Here I was about to attack the day with a news post, but then woke up to some terrible news. Iconic filmmaker Tobe Hooper passed away yesterday. He was 74. I was just getting over Romero, and now we've lost another genre giant.
|Tobe Hooper 1943-2017|
The legacy of Hooper's crowing achievement The Texas Chain Saw Massacre cannot be understated. It is a landmark film and much like Romero's Night of the Living Dead changed the landscape of what was possible in horror cinema. I first saw TCM projected in 2008 with Hooper in attendance. He was such a quiet and humble guy, not at all what you would expect from a storied purveyor of nightmares.
|Tobe Hooper at The Bloor, 2008.|
I've said this before, but when seen on a big screen TCM has real power, perhaps more than any horror film ever made. The imagery is stark, the Texas sun seems to beam through the screen and the last act is unrelenting. If someone in the seat next to you were to fire up a chainsaw, you might not even notice due to the loud and entrancing nightmare unfolding onscreen.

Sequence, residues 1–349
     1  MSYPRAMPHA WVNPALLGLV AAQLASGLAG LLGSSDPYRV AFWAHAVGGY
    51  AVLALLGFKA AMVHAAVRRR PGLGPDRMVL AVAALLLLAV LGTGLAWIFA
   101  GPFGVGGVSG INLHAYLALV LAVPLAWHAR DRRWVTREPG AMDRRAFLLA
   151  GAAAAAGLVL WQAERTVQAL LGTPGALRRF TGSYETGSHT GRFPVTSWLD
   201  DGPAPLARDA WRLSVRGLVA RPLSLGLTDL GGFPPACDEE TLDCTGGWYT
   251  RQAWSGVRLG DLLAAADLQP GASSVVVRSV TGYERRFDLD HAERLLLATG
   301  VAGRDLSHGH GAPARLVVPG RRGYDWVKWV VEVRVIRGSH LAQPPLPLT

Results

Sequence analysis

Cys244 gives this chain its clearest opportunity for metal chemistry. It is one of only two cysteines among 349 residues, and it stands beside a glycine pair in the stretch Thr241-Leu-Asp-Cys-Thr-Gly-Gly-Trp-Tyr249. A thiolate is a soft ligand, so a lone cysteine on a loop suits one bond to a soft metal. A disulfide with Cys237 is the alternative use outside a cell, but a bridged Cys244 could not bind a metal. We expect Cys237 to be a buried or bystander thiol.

Beyond TCM, Hooper also has a large range of crazy and uncompromising titles, such as Eaten Alive (1976), Lifeforce (1985) and his about-face sequel, Texas Chainsaw Massacre 2. That is not even mentioning his role in one of the seminal titles of the early-eighties, Poltergeist.
Hooper was also very active in television. Not only did he direct arguably one of the best Stephen King adaptations in Salem's Lot, he also had many stints in episodic television, including three of my favourite nineties shows, Nowhere Man, Dark Skies and Tales from the Crypt and a pair of entries in Mick Garris' Masters of Horror.